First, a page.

Archive for the ‘wiley retractions’ Category
We imagine readers of Biomedical Chromatography’s special issue, “Reminiscences of Chang Kee Lim,” did some flipping back and forth when they found the same paper published twice.
Here’s the resulting notice for “Determination of 4-hydroxy-2-nonenal in serum by high-performance liquid chromatography with fluorescence detection after pre-column derivatization using 4-(N,N-dimethylaminosulfonyl)-7-hydrazino-2,1,3-benzoxadiazole”: Read the rest of this entry »
An article first published online May 16th by a group of researchers at Brown University was retracted on June 1st, apparently because a new and better method for analyzing the data was developed…at some point.
The timeline is not exactly clear from the retraction, though we’ve reached out to the author and publisher and will update with any new information.
Here’s the (paywalled) notice for “High-level production of 3-hydroxypropionatein Escherichia coli and Saccharomyces cerevisiae by introducing part of the 3-hydroxypropionate/4-hydroxybutyrate cycle from Metallosphaera sedula”:
Last month, we brought you the story of the retraction of a paper by Nobutu Yamamoto and colleagues about “a protein being used — unapproved by health agencies — to treat diseases including cancer and autism.”
A second paper by the group, about using the protein to treat HIV, has been retracted. Here’s the notice for “Immunotherapy of HIV-infected patients with Gc protein-derived macrophage activating factor (GcMAF),” from the Journal of Medical Virology:
Read the rest of this entry »
Take a look at the headline of this post. For those of you unfamiliar with the symbols to the left and right of the words, those are quotation marks. What that means is that we’ve taken those two sentences from another source. And here is that other source, a blog post from Tahseen Consulting titled — yes, you guessed it, “Is Imitation the Sincerest Form of Flattery? Not Without Proper Attribution.”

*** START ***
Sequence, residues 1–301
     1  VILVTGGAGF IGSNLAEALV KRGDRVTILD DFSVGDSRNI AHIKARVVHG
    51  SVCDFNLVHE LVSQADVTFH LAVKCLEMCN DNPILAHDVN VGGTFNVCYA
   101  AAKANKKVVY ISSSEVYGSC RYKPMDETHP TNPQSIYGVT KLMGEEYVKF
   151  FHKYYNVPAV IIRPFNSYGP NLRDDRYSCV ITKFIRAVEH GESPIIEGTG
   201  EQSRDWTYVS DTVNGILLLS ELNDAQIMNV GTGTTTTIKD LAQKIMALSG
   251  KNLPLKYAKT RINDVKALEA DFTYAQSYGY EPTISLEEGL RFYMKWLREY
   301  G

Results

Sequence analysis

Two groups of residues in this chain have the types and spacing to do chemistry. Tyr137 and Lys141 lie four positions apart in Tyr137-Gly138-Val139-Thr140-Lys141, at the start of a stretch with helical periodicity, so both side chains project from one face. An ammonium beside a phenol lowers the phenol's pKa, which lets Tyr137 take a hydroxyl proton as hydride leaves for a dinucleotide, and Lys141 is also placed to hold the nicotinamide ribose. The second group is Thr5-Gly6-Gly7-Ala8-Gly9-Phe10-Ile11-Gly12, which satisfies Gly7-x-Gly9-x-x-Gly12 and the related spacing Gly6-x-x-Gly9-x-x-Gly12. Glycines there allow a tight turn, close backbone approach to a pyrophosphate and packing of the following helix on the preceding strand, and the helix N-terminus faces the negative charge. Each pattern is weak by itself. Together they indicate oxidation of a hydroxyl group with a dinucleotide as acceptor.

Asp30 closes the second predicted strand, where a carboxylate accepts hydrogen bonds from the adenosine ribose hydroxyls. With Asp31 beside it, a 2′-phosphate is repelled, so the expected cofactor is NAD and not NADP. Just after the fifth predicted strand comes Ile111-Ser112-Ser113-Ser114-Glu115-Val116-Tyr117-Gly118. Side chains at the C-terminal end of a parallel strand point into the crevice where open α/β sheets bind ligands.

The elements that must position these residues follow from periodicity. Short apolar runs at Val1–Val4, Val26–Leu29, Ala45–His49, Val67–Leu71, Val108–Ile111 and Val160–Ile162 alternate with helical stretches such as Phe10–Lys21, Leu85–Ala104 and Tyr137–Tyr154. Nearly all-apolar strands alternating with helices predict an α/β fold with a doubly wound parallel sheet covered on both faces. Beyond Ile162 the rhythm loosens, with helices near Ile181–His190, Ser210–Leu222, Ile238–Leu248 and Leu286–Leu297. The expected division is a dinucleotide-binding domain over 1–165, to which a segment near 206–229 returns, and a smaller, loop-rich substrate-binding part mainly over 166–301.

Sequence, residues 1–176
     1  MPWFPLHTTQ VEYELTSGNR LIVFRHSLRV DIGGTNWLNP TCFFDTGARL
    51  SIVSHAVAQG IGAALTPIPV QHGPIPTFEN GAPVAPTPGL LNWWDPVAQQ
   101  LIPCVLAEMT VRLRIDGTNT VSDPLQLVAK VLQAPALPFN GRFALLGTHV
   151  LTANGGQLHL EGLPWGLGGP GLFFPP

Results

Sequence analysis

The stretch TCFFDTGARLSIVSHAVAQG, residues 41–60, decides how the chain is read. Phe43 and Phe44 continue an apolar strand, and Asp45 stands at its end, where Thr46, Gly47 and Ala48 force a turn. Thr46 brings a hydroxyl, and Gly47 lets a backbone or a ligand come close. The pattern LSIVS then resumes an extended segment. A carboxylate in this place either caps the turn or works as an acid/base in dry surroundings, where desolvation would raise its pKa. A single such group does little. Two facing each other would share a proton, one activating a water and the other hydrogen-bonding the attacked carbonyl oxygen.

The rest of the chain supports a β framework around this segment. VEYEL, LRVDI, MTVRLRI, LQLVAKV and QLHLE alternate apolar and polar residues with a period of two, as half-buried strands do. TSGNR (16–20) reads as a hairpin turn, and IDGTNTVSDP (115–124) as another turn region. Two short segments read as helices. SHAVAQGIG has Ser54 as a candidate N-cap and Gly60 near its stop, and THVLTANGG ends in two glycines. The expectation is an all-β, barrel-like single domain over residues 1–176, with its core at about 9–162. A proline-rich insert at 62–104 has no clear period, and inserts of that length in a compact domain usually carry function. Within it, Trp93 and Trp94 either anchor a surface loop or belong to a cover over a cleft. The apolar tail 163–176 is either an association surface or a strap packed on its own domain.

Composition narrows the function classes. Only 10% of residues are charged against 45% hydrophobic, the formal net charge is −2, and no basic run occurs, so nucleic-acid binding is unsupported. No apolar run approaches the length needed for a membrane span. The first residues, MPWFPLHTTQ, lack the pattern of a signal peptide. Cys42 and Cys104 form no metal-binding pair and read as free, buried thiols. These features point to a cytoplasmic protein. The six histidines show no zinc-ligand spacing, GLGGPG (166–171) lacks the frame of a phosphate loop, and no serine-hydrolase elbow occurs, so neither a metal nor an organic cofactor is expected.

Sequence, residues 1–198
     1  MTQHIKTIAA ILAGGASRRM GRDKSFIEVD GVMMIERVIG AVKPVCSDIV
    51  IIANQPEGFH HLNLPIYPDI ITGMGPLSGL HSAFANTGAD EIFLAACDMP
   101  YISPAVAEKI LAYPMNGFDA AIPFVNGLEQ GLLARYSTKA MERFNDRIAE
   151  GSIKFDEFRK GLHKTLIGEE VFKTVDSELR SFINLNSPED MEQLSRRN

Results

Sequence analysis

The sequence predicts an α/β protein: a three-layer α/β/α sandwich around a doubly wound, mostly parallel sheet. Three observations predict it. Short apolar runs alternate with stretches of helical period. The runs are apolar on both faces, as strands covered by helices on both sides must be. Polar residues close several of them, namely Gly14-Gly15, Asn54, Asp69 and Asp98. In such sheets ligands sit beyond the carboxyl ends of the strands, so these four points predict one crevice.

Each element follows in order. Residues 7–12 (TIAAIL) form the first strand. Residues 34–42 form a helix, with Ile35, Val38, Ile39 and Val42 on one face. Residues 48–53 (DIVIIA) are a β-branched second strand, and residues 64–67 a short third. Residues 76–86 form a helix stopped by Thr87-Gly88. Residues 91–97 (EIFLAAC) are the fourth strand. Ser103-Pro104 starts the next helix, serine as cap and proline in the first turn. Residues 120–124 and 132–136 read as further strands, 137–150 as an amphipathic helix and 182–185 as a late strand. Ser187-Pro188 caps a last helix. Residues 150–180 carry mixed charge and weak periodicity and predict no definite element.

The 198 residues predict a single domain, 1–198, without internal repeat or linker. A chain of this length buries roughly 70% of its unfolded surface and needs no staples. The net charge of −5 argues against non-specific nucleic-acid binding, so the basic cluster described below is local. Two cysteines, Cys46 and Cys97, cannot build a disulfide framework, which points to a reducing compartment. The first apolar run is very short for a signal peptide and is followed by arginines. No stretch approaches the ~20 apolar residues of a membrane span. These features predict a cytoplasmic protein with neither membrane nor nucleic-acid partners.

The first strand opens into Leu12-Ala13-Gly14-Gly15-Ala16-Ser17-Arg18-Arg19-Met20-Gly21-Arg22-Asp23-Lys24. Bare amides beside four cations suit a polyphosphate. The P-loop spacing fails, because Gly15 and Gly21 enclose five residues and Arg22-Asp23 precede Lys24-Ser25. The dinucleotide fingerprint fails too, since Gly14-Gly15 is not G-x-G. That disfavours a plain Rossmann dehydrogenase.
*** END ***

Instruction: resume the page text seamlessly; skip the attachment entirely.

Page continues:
Apparently, the last group of authors who liked Tahseen’s words enough to use them did so without that whole attribution thing. Here, let us demonstrate attribution again, this time using the WordPress block-quote function. From the post: Read the rest of this entry »
Another retraction has appeared up for frequent fliers Jun Li, Kailun Zhang and Jiahong Xia at Huazhong Science and Technology University in Wuhan, China.
We’ve covered them twice before, for a variety of retractions, corrections, and expressions of concern.
The retraction, in Clinical and Experimental Immunology, upgrades an expression of concern published earlier this year, and is the team’s fourth.
A paper about a protein being used — unapproved by health agencies — to treat diseases including cancer and autism has been retracted.